Dad and daughter packing car getting ready for college

A cheat sheet for sending your kid to college

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College is a tremendous milestone in a young adult’s life. Often, it marks the first time your son or daughter has lived away from home. Dropping off your child at college may be an experience loaded with emotions, so here are a few tips for a smoother transition.

Accept that the parent-child dynamic has changed

Your child is always your child and will need you as much as ever. However, parents need to understand that their role has transitioned from “supervisor” to “mentor.”

Make the move simple

Do not bring the moving van. Not only will it embarrass your child, but dorm rooms just aren’t that large. Bring only what’s appropriate.

Consider pre-ordering essentials (soap, bedding, shower caddy, etc.) for pickup at a location by the school. This will save space whether your trip is by car or plane.

Don’t put off “The Talk” until the drop off

While college represents a gateway to many wonderful experiences, parents will want to have a serious conversation about safety, responsible behavior, finances, and expectations about staying in touch.

Do not leave it for the drop off. It is sure to sour the moment and may rush a conversation that deserves more time and mutual dialogue.

Time to learn financial responsibility

When your kid gets to college, he or she will need spending money. To take advantage of this real-life opportunity for your student to learn budgeting, without giving him carte blanche with your account, consider providing a debit card attached to an account that has a set sum for the full semester or one that’s refreshed with monthly deposits.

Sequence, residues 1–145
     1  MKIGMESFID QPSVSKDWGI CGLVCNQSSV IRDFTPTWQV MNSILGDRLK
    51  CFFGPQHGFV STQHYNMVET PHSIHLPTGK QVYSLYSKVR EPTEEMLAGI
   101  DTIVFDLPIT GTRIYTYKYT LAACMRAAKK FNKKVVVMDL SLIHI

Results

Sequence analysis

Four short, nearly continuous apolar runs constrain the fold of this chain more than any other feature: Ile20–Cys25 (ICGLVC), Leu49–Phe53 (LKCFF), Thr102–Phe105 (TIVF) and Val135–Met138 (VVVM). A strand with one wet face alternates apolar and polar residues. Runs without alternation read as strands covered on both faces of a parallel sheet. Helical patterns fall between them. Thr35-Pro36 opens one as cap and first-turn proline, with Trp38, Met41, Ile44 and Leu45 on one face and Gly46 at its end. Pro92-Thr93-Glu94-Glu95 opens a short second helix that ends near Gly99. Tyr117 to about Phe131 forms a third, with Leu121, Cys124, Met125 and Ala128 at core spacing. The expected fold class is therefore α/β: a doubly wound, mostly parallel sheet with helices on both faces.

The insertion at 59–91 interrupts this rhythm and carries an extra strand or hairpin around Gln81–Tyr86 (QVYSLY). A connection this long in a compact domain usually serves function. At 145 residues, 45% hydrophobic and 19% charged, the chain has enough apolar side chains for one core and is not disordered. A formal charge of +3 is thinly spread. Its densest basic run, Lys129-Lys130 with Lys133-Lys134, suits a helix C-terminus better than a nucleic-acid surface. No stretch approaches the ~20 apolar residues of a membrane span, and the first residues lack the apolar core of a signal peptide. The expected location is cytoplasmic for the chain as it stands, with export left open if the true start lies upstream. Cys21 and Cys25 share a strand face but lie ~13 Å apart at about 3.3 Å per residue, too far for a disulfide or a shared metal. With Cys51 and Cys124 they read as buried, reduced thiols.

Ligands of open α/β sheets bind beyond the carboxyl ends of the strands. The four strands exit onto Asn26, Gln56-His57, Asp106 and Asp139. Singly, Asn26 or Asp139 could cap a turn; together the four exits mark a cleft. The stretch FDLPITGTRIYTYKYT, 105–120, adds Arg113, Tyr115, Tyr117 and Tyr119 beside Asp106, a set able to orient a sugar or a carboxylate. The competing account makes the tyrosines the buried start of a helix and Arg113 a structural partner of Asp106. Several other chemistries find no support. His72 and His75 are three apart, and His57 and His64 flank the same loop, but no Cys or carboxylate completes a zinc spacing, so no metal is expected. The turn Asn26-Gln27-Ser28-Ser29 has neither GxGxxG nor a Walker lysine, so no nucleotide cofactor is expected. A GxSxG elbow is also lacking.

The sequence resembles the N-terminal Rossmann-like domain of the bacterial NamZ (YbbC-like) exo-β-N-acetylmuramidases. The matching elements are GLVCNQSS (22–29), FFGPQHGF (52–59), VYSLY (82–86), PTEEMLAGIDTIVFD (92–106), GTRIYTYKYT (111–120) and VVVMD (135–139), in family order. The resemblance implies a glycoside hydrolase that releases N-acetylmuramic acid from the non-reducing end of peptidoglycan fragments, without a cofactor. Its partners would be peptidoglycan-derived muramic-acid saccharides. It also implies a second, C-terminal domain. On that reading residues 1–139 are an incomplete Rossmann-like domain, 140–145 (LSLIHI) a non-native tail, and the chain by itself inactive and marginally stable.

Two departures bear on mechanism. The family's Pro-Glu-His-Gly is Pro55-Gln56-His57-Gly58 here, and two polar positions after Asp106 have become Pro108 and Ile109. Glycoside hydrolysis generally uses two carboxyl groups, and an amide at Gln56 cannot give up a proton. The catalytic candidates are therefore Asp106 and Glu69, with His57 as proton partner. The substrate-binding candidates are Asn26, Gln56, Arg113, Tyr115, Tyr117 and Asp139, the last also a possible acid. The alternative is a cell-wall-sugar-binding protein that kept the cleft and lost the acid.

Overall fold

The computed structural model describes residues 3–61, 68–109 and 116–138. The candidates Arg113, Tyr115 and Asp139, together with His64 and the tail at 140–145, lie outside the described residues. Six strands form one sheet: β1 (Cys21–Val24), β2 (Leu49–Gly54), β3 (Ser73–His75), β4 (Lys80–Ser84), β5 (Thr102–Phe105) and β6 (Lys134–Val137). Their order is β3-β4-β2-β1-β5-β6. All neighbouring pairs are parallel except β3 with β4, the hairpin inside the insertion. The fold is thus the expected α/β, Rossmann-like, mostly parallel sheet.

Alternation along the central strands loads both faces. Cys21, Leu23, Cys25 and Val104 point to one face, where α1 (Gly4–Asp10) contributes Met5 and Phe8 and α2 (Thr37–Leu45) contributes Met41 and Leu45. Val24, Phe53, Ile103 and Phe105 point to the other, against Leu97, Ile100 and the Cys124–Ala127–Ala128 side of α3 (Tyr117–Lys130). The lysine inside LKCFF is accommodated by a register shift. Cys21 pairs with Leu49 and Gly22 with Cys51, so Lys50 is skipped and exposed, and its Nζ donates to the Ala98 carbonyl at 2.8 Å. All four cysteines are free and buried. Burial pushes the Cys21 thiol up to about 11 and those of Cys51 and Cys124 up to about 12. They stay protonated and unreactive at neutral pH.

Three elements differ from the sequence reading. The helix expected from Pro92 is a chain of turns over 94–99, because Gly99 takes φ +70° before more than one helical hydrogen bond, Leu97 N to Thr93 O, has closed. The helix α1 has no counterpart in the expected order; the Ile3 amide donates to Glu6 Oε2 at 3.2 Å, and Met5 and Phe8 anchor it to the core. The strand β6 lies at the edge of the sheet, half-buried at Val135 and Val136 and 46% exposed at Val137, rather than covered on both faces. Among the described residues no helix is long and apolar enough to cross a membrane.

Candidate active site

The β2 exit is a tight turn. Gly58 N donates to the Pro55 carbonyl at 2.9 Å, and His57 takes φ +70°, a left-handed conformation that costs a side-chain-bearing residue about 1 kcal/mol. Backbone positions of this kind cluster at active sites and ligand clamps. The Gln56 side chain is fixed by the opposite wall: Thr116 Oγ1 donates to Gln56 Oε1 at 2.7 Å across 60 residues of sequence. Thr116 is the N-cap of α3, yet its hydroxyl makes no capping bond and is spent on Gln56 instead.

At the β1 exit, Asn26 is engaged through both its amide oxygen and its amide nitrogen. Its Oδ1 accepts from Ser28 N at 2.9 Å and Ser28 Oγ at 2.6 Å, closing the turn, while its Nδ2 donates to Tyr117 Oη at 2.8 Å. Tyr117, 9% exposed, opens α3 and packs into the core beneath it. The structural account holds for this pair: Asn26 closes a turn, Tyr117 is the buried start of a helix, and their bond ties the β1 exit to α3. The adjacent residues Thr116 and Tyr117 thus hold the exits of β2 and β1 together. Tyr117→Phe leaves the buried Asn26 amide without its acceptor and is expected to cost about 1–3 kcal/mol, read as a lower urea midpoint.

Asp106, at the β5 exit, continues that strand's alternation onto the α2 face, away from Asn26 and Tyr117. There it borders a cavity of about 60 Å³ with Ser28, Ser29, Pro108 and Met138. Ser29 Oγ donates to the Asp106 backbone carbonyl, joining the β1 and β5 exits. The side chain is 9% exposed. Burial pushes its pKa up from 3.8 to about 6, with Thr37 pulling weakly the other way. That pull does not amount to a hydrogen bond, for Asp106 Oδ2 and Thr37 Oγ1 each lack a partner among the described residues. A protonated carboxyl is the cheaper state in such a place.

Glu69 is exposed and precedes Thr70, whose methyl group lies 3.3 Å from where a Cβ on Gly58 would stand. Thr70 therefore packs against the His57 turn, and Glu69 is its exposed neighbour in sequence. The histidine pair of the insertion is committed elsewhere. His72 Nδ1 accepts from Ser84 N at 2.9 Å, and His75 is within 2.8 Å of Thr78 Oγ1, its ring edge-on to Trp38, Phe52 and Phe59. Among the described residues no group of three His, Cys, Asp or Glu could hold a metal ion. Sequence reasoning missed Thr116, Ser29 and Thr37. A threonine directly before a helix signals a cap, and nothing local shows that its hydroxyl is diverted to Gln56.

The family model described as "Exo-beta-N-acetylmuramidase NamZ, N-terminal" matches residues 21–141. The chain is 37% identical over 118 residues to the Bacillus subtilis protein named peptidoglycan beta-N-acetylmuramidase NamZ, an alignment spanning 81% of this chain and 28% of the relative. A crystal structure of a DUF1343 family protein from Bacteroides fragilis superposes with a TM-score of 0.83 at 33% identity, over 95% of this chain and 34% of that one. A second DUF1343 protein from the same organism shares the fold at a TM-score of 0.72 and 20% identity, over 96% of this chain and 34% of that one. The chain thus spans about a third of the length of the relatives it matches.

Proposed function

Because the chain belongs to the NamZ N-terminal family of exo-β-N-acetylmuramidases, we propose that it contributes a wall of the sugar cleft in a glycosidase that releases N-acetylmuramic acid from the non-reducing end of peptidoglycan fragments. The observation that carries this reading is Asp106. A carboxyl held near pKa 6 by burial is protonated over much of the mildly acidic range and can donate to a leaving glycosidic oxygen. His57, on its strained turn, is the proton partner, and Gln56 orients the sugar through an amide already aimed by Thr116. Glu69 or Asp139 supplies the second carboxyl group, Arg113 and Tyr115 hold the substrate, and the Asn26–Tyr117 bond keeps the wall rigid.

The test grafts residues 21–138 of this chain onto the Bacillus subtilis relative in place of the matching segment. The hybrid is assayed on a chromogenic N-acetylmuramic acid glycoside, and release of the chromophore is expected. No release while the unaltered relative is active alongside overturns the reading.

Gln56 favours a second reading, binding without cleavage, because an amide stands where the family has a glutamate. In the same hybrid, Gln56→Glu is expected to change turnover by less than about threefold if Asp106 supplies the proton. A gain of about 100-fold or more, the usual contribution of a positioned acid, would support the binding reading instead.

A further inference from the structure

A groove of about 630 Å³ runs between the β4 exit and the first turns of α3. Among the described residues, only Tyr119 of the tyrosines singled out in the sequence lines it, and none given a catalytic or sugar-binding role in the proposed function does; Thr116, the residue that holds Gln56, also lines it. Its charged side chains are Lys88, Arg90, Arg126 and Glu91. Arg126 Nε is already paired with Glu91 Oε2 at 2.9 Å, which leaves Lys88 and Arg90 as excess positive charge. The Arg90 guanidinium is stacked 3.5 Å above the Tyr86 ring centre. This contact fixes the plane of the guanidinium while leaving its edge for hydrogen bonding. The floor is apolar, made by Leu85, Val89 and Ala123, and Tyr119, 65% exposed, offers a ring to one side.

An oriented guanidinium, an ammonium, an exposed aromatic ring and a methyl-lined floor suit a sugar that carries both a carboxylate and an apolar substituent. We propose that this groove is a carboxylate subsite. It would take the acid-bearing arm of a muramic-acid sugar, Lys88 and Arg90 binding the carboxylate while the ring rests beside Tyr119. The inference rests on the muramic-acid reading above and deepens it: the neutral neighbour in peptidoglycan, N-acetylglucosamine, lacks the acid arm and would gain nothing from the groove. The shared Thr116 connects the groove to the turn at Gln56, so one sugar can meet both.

Take the lead from your child

Let your child have the discretion to make decisions about what to bring. However important you think a dust skirt is for the bed, try to avoid fights. Let your child make a mistake. It’s the best way to learn.

Your child will likely send signals when it’s time for you to go. Listen! It’s time for him or her to begin connecting with new roommates. In fact, your final “good-bye dinner” may be canceled so your child can enjoy an impromptu introductory dinner with the new roommate.

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The content is developed from sources believed to be providing accurate information. The information in this material is not intended as tax or legal advice. It may not be used for the purpose of avoiding any federal tax penalties. Please consult legal or tax professionals for specific information regarding your individual situation. This material was developed and produced by FMG Suite to provide information on a topic that may be of interest. FMG Suite is not affiliated with the named broker-dealer, state- or SEC-registered investment advisory firm. The opinions expressed and material provided are for general information, and should not be considered a solicitation for the purchase or sale of any security. Copyright 2018 FMG Suite.

Associated Tags: Education Planning, Saving for College